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Cooperatives and Food Hubs

Food Hub truck (Source Leopold Center/Iowa State.)
"A regional food hub is a business or organization that actively manages the aggregation, distribution, and marketing of source-identified food products primarily from local and regional producers to strengthen their ability to satisfy wholesale, retail, and institutional demand." [National Food Hub Collaboration] 

Cooperatives are "organization[s] formed for the purpose of producing and marketing goods or products owned collectively by members who share in the benefits." [NALT]

USDA. Agricultural Marketing Service.

"The Food Hub Directory lists businesses or organizations that actively manage the aggregation, distribution, and marketing of source-identified food products to multiple buyers from multiple producers, primarily local and regional producers, to strengthen the ability of these producers to satisfy local and regional wholesale, retail, and institutional demand." Food hub managers may add their market to the database.

USDA. Rural Development.

Links to USDA Rural Development’s resources for cooperatives, including education and research, funding opportunities, and data and statistics.

USDA. Rural Development.

"This report presents an overview of the myriad issues facing food hubs across the United States." The authors includes a definition of a food hub, examine the rationale for food hub formation, and explore the economic role of food hubs. The report includes "some of the many organizational structures and services that food hubs offer, including the emerging area of virtual food hubs," and provides examples of the challenges and limitations faced by food hubs.

Farm Answers. 

Multi-volume series identifying lessons learned from food hub failures and providing information and guidance to new and existing food hubs.

  • Volume 1: Lessons from the Field "compiles a number of best business practices for starting or expanding a food hub enterprise" … and "includes operational profiles of the food hubs profiled in the report."  
  • Volume 2: A Business Operations Guide "focuses on operational issues faced by food hubs," including organization, infrastructure, logistics, risks, and human resources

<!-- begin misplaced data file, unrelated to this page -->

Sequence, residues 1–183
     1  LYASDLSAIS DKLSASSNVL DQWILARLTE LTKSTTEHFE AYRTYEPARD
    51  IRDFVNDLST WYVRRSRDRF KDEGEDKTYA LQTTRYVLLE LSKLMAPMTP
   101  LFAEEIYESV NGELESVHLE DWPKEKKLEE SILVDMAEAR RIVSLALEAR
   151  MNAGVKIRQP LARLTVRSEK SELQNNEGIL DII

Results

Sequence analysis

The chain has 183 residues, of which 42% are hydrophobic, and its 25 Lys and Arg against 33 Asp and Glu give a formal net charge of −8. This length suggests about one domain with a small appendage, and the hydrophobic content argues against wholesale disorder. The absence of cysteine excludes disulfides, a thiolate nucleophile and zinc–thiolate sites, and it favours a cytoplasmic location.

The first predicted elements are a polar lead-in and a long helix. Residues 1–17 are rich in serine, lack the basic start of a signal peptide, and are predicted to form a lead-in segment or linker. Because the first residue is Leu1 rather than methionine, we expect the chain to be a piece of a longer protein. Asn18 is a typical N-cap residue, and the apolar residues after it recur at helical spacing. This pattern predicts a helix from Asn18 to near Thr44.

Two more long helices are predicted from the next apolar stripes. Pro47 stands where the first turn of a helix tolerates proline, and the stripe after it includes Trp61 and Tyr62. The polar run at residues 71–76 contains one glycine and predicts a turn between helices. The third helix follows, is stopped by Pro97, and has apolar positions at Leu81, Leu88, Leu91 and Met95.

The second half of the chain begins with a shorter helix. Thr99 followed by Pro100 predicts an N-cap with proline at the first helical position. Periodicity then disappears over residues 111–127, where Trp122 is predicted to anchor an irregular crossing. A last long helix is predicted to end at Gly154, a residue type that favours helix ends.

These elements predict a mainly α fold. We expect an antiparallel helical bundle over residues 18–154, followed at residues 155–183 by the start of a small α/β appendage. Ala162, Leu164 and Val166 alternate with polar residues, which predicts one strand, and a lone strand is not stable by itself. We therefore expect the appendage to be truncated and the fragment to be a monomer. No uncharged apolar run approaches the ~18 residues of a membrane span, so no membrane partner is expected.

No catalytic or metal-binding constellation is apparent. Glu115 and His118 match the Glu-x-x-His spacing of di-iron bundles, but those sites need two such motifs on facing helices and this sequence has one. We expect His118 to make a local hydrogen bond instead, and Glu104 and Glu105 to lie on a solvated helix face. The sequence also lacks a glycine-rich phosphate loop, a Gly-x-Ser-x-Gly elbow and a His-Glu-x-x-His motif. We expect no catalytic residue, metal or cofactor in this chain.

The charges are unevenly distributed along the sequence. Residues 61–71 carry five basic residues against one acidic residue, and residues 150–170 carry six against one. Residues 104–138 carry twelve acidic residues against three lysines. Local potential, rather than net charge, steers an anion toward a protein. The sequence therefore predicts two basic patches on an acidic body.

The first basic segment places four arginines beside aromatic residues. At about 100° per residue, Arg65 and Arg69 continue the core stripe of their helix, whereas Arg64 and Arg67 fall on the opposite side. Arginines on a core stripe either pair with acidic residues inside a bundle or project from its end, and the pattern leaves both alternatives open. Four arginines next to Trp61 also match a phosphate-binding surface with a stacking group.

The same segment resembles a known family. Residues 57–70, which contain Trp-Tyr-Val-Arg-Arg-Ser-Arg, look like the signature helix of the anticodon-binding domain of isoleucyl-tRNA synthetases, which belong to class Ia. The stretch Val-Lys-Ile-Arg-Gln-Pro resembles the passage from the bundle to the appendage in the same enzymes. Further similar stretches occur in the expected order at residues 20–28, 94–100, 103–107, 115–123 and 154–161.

• Volume 3: Assessing Financial Viability “provides benchmarks for established and emerging food hubs to use as a comparison for assessing their own financial viability and for making strategic business decisions."
  • Volume 4: Learning from Food Hub Closures provides six case studies and identifies six lessons for success

National Good Food Network; Wallace Center at Winrock International; United States Department of Agriculture.

A Web portal on food hubs featuring webinars, publications, educational materials, contributed resources, food hub feasibility studies, conference proceedings, research and more.

University of California (Davis).  Sustainable Agriculture Research and Education Program (SAREP).

A collection of publications and literature reviews that "explore opportunities and challenges for food hubs and VBSC implementation, and can be used as resources for participants interested in orienting their work toward values-based marketing and distribution."

USDA. Agricultural Marketing Service.

"This resource guide is designed to give readers a greater understanding of what regional food hubs are, their impacts, strategies to assist their success and growth, and direction on where to find
financial resources to support them."

USDA. Rural Development.

This collection of publications provides education about the structure and operations of cooperatives and, for groups forming cooperatives, studies of various cooperative issues, annual farm cooperative statistics, and co-op directories.  Rural Cooperatives, a bi-monthly magazine, includes articles and news items relevant to agricultural and non-agricultural cooperatives.

Michigan State University. Center for Regional Food Systems.

Results from the biennial survey conducted by Michigan State University’s Center for Regional Food Systems and Wallace Center at Winrock International. Monitors economic trends, changes in services, and changes in customers served.

USDA. Agricultural Marketing Service.

"Food value chains represent an innovative business model in which agricultural producers, manufacturers, buyers, and other related supply chain actors form collaborative, transparent partnerships that attempt to combine product differentiation strategies with commitment to shared operational values and social mission goals. Food hubs are an important subset of food value chains."